AI-powered 'electronic nose' sniffs out meat freshness
A team of scientists led by Nanyang Technological University, Singapore (NTU Singapore) has invented an artificial olfactory system that mimics the human nose to accurately assess the freshness of meat.
The e-nose comprises a ‘barcode’ that changes colour over time in reaction to the gases produced by meat as it decays, as well as a barcode ‘reader’ in the form of a smartphone app powered by artificial intelligence (AI). The e-nose has been trained to recognise and predict meat freshness from a large library of barcode colours (see Figure 1).
When tested on commercially packaged chicken, fish and beef meat samples, the team found that the AI system predicted the freshness of the meats with a 98.5% accuracy. As a comparison, the commonly used algorithm analysis only showed an overall accuracy of 61.7%.
The e-nose has been described in paper published in the scientific journal Advanced Materials as more accurate than a ‘best before’ label, which could help to reduce food waste.
Co-lead author Professor Chen Xiaodong, Director of the Innovative Centre for Flexible Devices at NTU, said: “Our proof-of-concept artificial olfactory system, which we tested in real-life scenarios, can be easily integrated into packaging materials and yields results in a short time without the bulky wiring used for electrical signal collection in some e-noses that were developed recently.
“These barcodes help consumers to save money by ensuring that they do not discard products that are still fit for consumption, which also helps the environment. The biodegradable and non-toxic nature of the barcodes also means they could be safely applied in all parts of the food supply chain to ensure food freshness.”
A patent has been filed for this method of real-time monitoring of food freshness, and the team is now working with a Singapore agribusiness company to extend this concept to other types of perishables.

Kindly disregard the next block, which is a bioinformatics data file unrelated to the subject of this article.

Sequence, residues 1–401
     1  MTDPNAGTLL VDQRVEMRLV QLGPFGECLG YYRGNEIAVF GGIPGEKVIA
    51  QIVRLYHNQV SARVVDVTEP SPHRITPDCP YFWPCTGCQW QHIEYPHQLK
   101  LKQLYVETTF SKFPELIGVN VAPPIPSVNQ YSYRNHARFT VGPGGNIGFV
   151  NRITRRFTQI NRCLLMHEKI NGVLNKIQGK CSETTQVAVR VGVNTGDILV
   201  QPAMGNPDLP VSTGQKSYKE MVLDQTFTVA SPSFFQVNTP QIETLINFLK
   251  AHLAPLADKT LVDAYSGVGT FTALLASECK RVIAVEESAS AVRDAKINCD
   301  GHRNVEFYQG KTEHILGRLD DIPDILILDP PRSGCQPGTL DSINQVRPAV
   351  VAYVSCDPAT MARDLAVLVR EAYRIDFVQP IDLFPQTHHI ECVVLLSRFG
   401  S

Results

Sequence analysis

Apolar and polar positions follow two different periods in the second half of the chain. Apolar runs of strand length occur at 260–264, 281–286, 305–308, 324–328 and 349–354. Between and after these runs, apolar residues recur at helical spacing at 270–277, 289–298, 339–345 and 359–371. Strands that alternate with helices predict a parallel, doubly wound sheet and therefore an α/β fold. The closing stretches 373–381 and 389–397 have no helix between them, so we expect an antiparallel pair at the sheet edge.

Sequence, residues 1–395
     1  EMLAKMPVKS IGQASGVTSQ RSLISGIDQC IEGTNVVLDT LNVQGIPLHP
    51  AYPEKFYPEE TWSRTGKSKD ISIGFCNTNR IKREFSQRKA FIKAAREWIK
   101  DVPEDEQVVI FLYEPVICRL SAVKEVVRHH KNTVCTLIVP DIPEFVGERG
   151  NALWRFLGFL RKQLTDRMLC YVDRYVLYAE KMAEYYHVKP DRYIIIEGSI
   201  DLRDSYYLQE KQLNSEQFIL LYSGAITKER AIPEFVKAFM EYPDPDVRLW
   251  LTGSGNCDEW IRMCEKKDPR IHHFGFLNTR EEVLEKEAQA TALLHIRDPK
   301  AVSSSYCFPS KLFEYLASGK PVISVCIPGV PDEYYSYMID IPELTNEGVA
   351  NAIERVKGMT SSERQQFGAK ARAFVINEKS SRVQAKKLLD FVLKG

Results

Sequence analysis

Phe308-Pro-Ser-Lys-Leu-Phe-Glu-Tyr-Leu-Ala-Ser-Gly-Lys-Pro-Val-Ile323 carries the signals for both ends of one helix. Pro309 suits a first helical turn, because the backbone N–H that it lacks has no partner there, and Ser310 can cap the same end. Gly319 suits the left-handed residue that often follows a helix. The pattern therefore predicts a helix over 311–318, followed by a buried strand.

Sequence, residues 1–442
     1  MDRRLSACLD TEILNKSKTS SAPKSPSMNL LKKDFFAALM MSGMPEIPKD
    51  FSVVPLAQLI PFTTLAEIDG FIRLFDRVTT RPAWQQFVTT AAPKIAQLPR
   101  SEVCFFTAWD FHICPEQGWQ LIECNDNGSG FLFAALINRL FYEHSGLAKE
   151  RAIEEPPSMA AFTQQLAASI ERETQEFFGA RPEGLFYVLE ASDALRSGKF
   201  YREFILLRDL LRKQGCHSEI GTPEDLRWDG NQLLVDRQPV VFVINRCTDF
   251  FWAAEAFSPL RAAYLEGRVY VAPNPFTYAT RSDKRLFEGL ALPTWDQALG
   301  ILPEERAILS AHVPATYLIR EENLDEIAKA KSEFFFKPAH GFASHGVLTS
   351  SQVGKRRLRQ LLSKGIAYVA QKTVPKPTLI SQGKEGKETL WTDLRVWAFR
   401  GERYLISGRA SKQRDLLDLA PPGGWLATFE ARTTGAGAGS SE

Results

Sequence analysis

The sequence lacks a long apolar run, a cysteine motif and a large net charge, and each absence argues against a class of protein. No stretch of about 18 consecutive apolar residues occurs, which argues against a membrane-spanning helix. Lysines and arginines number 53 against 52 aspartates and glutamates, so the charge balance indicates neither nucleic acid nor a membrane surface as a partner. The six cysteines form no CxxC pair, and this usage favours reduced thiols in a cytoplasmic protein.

How it works
In the e-nose, the 20 bars in the barcode act as the receptors. Each bar is made of chitosan (a natural sugar) embedded on a cellulose derivative and loaded with a different type of dye. These dyes react with the gases emitted by decaying meat and change colour in response to the different types and concentrations of gases, resulting in a unique combination of colours that serves as a ‘scent fingerprint’ for the state of any meat.
For instance, the first bar in the barcode contains a yellow dye that is weakly acidic. When exposed to nitrogen-containing compounds produced by decaying meat (called bioamines), this yellow dye changes into blue as the dye reacts with these compounds. The colour intensity changes with an increasing concentration of bioamines as meat decays further.
For this study, the scientists first developed a classification system (fresh, less fresh or spoiled) using an international standard that determines meat freshness. This is done by extracting and measuring the amount of ammonia and two other bioamines found in fish packages wrapped in widely used transparent PVC (polyvinyl chloride) packaging film and stored at 4°C over five days at different intervals.
They concurrently monitored the freshness of these fish packages with barcodes glued on the inner side of the PVC film without touching the fish. Images of these barcodes were taken at different intervals over five days.
A type of AI algorithm known as deep convolutional neural networks was then trained with images of different barcodes to identify patterns in the scent fingerprint that correspond to each category of freshness.
To gauge the prediction accuracy of their e-nose, the NTU scientists monitored the freshness of commercially packed chicken, fish and beef, with barcodes glued on the packaging film, stored at 25°C. Over 4000 images of the barcodes from six meat packages were taken at different time intervals over 48 hours without opening the different meat packages.
The research team first trained their system to pick out patterns among the scent fingerprints captured in 3475 barcode images, before testing the system’s accuracy on the remaining images.
The results revealed an overall 98.5% accuracy — 100% accuracy in identifying spoiled meats, and 96 to 99% accuracy for fresh and less fresh meats.
As a comparison, the research team randomly selected 20 barcode images from each freshness category to assess the prediction accuracy of Euclidean distance analysis, a commonly used method to measure the response of sensors like the barcode used in this e-nose. This analysis showed an overall accuracy of 61.7%.
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